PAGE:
The culmination of nearly 20 years of storytelling, Seth‘s Clyde Fans has been rightfully given the deluxe slipcase treatment by Drawn & Quarterly. It’s a lovely encapsulation of an excellent work, serialized in Seth’s own Palookaville, which ran for over 25 years.
Clyde Fans centers on the Matchcard brothers as they navigate their lives and family business through the decades from the 1950s to the 1990s. Abe Matchcard is often the main storytelling voice as he frequently dominates over his much more reserved brother, Simon. The story follows them from the early days of their electric fan business, the titular Clyde Fans, to their most successful years, to the then waning years of the business as air conditioners take over the market.
As we follow them over time, they exhibit obsessive behaviors that lead them to different paths in life. From Abe’s hungry ambition to Simon’s quiet, often defeatist approach, they both realize the declining path of their business and fall victim to its eventual obsolescence.
While Abe is content to keep the sales part of the business away from Simon (though Simon is also interested in proving himself in this area), he also maintains a resentment towards Simon and his limitations. This manifests in taunts and belittling insults that serve to undermine Simon’s confidence. Though Abe is proven right again and again, in many ways, he has played a role in fulfilling the prophecy himself.
Clyde Fans tells two stories simultaneously: it’s a story of capitalism in the 20th century and a story about the complicated and bristly relationship between two brothers. They are intertwined seamlessly in ways that directly affect and inform one another, while also seeming quite separate at other times. It’s one of Seth’s gifts (and a gift of the medium) that he’s able to immerse the reader so completely in the details of the story such that it feels as full and accomplished in any one of its five parts as it does as a completed story.
As we follow Abe as he goes through the motions of a typical day, he’s an older man surrounded by things that remind him only of the past. His world has shrunk to his home and the memories it evokes. The contrast between the Abe of the past, one jaunting across the country, charming customers, and running a successful business, and the Abe of the present, limited in space and time, is striking. Conversely, Simon has always preferred a more interior life. Even when he pushed himself, or was pushed by Abe to expand his world, it never quite works, and he retreats further into his fragile mental state.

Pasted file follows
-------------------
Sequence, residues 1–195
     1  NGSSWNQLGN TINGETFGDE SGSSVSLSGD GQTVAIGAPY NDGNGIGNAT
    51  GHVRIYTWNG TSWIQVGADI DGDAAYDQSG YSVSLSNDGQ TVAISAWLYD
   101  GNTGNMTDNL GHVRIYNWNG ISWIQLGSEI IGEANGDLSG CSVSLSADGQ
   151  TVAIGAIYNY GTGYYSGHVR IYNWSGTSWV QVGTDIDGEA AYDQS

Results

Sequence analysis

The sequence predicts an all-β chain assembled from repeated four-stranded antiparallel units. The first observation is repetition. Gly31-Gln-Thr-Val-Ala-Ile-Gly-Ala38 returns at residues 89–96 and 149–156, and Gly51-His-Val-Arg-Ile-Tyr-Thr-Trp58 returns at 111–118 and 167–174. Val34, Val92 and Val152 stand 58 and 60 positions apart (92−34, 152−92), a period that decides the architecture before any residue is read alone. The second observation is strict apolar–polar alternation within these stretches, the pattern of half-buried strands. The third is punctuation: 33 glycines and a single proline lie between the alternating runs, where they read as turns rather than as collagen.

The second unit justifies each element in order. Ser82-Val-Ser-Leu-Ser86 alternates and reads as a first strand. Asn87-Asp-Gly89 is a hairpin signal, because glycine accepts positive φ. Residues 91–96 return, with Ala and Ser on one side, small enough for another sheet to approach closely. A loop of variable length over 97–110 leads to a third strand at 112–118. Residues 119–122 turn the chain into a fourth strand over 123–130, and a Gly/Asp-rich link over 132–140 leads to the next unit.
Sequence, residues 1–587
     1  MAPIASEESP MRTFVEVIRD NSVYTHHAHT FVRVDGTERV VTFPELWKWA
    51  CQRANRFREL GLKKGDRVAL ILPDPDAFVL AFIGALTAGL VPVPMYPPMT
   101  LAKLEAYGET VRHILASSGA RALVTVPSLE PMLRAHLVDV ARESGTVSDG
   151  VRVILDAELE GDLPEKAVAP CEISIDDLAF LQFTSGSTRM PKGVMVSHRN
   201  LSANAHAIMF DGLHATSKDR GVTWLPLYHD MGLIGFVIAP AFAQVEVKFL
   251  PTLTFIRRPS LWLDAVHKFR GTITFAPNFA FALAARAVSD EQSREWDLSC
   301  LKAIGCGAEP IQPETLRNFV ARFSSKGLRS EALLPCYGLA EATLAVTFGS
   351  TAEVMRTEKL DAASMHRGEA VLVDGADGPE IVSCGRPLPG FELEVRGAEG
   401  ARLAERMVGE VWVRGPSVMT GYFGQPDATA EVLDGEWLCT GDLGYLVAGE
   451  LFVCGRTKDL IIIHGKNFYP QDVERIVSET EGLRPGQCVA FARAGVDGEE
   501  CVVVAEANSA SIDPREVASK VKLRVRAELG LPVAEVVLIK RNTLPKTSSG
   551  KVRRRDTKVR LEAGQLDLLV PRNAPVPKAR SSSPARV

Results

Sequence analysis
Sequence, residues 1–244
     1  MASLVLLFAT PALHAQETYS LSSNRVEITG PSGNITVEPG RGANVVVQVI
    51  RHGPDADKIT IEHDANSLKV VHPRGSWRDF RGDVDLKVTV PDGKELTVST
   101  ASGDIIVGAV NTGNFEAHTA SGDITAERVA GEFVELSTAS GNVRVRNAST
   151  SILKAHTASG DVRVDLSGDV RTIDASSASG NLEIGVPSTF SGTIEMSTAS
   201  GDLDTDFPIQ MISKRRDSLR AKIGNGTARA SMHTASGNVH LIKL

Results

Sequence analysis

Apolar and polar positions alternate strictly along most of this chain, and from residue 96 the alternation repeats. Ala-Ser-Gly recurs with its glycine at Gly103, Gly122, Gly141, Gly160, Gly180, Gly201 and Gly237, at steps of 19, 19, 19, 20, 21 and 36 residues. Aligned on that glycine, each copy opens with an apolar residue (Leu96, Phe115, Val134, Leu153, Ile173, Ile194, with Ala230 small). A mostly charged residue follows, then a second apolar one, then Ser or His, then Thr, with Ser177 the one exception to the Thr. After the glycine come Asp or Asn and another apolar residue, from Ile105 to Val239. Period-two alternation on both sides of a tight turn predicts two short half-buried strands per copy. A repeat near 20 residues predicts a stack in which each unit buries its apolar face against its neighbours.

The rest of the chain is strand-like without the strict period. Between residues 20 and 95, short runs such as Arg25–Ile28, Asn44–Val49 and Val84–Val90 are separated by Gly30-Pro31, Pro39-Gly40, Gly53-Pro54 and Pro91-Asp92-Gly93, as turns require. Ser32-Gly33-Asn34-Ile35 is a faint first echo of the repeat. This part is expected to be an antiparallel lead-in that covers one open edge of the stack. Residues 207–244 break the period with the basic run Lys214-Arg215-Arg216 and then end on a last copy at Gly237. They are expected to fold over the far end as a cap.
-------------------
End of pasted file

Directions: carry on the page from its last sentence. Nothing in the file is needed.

It is in understanding the fundamental differences between the brothers that Clyde Fans makes the deepest impressions. It’s easy to be repulsed by Abe’s brusque, fundamental misunderstanding of his brother, and it’s just as easy to sympathize with Simon’s sensitivity. Still, Seth doesn’t paint caricatures of the brothers. The ways in which they fail to understand one another offers a window into the core of the characters. Just as Seth’s inspiration for this epic story grew from an empty storefront and photographs of two middle-aged men, Clyde Fans is imbued with palpable sadness and regret.
There is little in Seth’s work that does not evoke feeling. Oftentimes that feeling is melancholic or bittersweet, but it can also inspire joy and tenderness. That there’s so much nostalgia present shouldn’t be mistaken for an absolute yearning for the past; rather, as an understanding of its importance and the weight it presses upon the lives of the Matchcard brothers. They can never truly escape their past, yet when they remain tied to it in ways that stifle any forward momentum, it becomes less of fond memory and more of a hindrance.
Clyde Fans achieves in not only telling a story rife with poignant and memorable moments, but it also conveys with sophistication a depth of feeling. There is sentimentality without cloying emotion, just as there are bitter shame and remorse without devolving into a depressive tome. It is Seth’s ability to balance the beautifully minimal yet precise grays and blues of his art with the interior and exterior lives of his characters that makes them so unforgettable.